Lately I’ve been walking down Memory Lane more often, and I’m fairly sure it’s because I’m older and have more to remember and more time to reflect. I’m still busy, but it’s not the kind of frenetic coming and going and getting and spending that accompanies young and middle adulthood. Getting an education, raising a family, developing a career, and adjusting to all sorts of changes can be challenging—rewarding, yes, but challenging too.
A week or so ago, I got together with some friends I’ve known since I was a child (two of them) and teenager (the other two). We talked about some of the challenges of aging, including health issues, hearing loss, and cataract surgery. That wasn’t the hottest topic, though. The most popular and recurring theme of the day and evening centered on connections and relationships, the ties that bind and those that sometimes come unraveled.
As friends who’d known one another for decades, those lasting bonds surfaced many times as we shared memories and inquired about those not present. Some of those absent from our circle at the table were “in heaven,” others were living with illness or misfortune, and still others were probably right in their own comfy homes planning trips, knitting fashionable ponchos, or watching Netflix. And it wasn’t just our contemporaries who came up in our conversations. Families, immediate and extended, came up, too. A couple of the “girls” are still fortunate enough to have their mothers, but no one’s father still walks the earth these days.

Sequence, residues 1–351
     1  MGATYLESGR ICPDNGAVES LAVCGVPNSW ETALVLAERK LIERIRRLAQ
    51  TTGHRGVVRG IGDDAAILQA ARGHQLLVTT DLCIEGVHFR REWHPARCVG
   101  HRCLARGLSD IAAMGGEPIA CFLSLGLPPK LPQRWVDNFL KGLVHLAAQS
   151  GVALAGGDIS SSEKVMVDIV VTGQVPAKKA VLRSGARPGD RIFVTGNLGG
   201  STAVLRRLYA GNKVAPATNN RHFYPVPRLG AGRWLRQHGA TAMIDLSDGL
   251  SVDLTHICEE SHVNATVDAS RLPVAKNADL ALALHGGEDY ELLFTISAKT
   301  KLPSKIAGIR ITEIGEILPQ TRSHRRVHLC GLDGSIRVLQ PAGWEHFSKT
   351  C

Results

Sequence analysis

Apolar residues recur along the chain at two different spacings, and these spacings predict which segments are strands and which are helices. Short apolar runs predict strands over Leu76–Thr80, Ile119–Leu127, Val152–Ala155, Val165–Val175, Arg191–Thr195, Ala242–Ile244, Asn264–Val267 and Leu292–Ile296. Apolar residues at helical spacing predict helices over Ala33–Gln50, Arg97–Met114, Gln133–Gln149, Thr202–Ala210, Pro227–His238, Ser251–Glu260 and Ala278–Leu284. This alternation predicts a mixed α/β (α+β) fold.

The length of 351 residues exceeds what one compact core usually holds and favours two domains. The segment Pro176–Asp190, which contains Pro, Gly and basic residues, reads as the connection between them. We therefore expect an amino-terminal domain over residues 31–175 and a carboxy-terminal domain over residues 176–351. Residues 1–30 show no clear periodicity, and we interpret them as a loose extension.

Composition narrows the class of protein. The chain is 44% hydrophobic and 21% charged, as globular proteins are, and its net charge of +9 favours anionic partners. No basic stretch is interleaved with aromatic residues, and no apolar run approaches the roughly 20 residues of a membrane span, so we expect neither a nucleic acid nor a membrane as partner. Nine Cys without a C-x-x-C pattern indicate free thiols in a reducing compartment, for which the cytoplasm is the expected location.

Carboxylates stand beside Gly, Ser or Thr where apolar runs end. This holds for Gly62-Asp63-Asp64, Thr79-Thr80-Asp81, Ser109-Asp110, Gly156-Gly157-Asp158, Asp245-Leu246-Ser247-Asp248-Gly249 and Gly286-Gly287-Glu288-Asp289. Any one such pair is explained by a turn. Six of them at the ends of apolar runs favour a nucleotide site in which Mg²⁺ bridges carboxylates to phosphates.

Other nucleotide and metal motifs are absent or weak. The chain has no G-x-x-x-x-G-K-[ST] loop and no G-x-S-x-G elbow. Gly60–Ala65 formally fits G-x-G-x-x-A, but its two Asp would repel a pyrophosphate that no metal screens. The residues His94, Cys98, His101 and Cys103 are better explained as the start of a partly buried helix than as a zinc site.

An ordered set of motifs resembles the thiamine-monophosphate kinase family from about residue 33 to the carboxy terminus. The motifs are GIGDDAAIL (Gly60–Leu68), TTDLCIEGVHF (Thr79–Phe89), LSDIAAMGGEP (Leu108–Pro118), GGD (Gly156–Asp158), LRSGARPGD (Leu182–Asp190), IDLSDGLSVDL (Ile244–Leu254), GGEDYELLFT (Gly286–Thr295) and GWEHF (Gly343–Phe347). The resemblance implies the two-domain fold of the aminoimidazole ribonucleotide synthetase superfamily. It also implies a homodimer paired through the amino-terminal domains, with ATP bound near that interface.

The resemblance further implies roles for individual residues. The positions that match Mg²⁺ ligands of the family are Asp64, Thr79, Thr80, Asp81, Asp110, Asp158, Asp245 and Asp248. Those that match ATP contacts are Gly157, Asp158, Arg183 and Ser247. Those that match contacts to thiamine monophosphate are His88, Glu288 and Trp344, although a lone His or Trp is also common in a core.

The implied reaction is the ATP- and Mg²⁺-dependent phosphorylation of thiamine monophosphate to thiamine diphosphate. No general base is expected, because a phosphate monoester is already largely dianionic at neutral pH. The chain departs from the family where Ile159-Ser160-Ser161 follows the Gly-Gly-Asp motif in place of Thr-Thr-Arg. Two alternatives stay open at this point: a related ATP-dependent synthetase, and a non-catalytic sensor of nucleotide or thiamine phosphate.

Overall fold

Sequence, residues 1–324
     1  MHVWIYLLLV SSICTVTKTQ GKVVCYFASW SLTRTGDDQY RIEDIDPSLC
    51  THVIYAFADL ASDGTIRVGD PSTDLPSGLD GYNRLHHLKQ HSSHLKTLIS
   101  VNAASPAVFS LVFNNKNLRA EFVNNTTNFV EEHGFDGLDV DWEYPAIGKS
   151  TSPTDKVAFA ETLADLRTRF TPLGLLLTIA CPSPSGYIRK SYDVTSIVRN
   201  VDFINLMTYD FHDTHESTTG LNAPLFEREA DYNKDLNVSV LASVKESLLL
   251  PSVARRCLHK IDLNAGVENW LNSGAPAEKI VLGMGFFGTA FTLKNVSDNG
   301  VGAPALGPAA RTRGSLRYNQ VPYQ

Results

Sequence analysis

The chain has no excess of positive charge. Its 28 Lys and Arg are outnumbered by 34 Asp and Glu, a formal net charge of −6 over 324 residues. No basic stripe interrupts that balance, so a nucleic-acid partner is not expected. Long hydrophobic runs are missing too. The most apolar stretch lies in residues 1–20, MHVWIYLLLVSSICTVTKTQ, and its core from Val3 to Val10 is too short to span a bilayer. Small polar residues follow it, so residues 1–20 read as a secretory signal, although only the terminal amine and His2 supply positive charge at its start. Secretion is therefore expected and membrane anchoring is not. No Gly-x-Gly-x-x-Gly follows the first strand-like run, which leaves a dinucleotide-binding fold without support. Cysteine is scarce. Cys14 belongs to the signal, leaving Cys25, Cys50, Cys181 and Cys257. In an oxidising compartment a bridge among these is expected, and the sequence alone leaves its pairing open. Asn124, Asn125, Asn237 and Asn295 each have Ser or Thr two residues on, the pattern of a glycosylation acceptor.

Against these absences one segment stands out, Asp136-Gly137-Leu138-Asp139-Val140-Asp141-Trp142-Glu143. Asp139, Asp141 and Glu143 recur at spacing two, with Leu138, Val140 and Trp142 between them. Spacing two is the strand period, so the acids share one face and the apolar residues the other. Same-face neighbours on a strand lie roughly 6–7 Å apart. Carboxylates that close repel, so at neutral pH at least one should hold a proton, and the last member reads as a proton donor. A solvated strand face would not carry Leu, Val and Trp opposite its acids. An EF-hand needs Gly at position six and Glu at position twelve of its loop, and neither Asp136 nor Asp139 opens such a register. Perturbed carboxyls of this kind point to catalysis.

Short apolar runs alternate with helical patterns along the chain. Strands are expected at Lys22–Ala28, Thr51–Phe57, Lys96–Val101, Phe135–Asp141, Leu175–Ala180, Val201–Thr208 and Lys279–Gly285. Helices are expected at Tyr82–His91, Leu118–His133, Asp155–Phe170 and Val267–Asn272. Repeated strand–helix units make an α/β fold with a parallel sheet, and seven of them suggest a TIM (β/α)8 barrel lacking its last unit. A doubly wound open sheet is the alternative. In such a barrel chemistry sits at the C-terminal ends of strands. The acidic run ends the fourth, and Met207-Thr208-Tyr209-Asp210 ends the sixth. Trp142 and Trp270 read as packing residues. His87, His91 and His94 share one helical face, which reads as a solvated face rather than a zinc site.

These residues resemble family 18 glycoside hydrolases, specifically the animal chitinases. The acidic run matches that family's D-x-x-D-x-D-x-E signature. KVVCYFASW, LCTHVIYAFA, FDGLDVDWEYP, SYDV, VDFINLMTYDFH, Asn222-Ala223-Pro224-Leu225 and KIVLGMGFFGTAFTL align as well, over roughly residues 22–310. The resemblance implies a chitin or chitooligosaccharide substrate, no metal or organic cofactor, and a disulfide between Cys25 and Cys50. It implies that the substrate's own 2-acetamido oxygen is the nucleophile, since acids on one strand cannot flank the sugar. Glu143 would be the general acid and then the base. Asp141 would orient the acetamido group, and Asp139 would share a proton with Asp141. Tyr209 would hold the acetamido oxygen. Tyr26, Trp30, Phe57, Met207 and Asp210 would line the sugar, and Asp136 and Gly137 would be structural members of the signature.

As we waited for our checks at J Peters that evening, I recalled some impressions of a brunch in Rapid City, South Dakota in June. The hubs and I breakfasted one morning Tally’s Silver Spoon, and the atmosphere, service, and food were all phenomenal. As we neared the eatery, we saw several people dining outside, and an infant was sitting in a man’s lap. The baby had that terrified “Where in the world am I?” look, and it occurred to me that both the little one and his parents were fortunate. There he was securely sheltered in the crook of his dad’s arm sitting at a table among family members on a bright June morning in Rapid City, SD. Everyone was laughing and talking. They were jolly.
Once inside, we were seated at a table affording a close up and personal look at the family. The only other child I saw was a little girl who looked to be about four years old. Done with her chocolate chip pancakes, she walked haltingly over to some rocks in a corner decorative area. Her mother (or aunt or family friend) joined her. Sweet. The group was spread out across a couple or three round tables, and as everyone split up to go their separate ways, a lot of hugging and fond farewells were exchanged.
I felt happy watching them—and a little melancholy too. I told my husband we’d been lucky our whole lives, too. Even though we didn’t dine at outside eateries as babies or small children, we’d always been in the midst of family…as babies, children, young adults, older adults, and so forth. We had played and are still playing the roles of everyone in that scene. Coming together like those gathered that Saturday can fortify people and imbue them with confidence and strength and love as they separate and go back to their other lives, the ones shared amidst another group of people.
As one of my friends and I walked out to our cars that evening in Murrells Inlet, we chatted a minute (really just a minute) about how our lives had changed since we had met as children.
“We’ve played so many roles,” I said.
“Yeah, and we were babies, too.” she replied.
Yes, we were. It’s funny how we arrive on the planet as tiny, helpless beings who develop and mature and survive and thrive—or not. But regardless of our choices and circumstances, our lives are enriched (if we’re lucky) by connections and love.